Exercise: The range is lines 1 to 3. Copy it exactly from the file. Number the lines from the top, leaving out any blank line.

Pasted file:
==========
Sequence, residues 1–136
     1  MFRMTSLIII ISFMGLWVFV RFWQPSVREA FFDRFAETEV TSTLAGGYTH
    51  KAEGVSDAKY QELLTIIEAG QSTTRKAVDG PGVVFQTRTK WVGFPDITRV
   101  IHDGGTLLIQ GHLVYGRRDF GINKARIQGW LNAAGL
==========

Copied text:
Sequence, residues 1–136
     1  MFRMTSLIII ISFMGLWVFV RFWQPSVREA FFDRFAETEV TSTLAGGYTH
    51  KAEGVSDAKY QELLTIIEAG QSTTRKAVDG PGVVFQTRTK WVGFPDITRV